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Andrew Barker
An Ode to Child of Light
A musing on the use of verse.
07.27.14 - 1:04 AM







If you've heard of Ubisoft's Child of Light,
Then you'll know of young Princess Aurora's plight.
The red-haired young girl who stands with her sword
Against the evil queen and her dark creature horde.
Her journey takes her through a world full of verse
With fairy-tales creatures so wild and diverse.

And this is my topic of discussion today,
"To verse or not to verse" is what I will weigh.
Across the internet there have been many debates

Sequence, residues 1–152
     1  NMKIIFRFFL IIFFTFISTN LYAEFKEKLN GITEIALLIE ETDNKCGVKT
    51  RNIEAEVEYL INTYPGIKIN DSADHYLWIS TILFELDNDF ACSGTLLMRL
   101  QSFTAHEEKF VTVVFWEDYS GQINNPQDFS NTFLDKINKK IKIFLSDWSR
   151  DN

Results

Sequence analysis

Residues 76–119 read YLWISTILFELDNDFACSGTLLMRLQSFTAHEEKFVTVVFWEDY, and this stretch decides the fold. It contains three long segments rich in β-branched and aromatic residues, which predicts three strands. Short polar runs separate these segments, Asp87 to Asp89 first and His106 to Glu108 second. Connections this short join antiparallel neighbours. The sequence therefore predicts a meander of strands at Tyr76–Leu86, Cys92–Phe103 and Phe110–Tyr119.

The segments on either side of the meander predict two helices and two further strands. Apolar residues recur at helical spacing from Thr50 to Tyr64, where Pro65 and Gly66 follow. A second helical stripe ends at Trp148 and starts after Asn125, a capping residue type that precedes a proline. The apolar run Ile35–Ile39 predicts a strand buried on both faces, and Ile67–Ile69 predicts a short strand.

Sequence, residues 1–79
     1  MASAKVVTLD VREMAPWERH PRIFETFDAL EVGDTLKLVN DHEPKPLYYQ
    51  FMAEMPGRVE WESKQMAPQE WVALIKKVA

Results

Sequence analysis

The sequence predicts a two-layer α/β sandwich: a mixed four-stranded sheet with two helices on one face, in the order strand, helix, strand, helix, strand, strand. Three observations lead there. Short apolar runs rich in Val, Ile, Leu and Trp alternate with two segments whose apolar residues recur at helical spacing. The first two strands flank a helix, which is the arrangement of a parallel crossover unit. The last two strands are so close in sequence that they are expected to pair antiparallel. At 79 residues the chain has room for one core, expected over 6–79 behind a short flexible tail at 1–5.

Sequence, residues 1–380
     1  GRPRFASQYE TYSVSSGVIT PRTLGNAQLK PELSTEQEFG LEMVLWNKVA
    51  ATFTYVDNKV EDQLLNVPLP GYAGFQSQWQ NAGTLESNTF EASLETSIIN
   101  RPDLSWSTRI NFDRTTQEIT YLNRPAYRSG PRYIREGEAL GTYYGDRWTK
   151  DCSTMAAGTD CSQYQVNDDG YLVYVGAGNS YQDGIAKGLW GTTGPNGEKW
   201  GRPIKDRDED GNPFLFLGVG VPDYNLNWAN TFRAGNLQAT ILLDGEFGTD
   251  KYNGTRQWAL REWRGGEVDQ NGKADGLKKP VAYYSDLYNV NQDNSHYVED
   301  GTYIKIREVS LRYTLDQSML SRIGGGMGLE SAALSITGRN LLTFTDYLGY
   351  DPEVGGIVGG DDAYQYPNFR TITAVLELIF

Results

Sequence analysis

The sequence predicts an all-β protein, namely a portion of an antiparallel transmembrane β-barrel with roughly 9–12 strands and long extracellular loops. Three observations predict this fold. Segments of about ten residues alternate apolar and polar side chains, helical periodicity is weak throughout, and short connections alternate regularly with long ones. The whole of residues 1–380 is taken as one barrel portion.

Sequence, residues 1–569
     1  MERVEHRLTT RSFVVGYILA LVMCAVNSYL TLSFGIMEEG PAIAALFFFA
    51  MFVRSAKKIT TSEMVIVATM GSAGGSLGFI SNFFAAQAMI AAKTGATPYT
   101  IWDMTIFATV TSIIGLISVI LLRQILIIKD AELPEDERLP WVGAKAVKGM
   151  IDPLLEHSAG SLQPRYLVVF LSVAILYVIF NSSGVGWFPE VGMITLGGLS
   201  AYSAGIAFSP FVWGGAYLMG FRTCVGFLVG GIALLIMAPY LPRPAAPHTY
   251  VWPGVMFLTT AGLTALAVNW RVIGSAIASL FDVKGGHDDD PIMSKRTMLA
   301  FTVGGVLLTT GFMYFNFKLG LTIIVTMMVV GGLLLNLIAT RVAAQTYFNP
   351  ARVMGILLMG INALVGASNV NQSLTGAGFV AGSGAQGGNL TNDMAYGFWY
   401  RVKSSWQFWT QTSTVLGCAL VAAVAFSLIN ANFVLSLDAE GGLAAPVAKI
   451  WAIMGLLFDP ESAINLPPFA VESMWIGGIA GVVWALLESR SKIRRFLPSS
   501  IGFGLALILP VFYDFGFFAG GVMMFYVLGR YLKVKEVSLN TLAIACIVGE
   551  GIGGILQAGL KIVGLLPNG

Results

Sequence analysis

On how well poetic form in-game translates.
Does Child of Light manage it well?
Sometimes yes and others no. (Do tell!)

On the whole the concept is clever,
Execution is sometimes lacking, however.
Much of the rhyming does feel forced,
And when not spoken, reads somewhat coarse.
Spoken lines carry far greater joy,
Which remind me of tales I read as a boy.

While even inventory descriptions rhyme,
It does become tiring some of the time.
Long confessional letters are hard to read,
Though doing so is not needed to proceed.
Rubella's trouble with rhyming is fun,
And memorable when finished. (…Don't you mean "done"?)

Though the game's ending comes rather fast,
Most of the time, I had a blast.
There's likely a sequel on the way,
Which, if it's longer, I'd love to play.
To match our review, I must use the word whimsy.
Too bad I don't have a rhyme. The end. (Wasn't that flimsy?)




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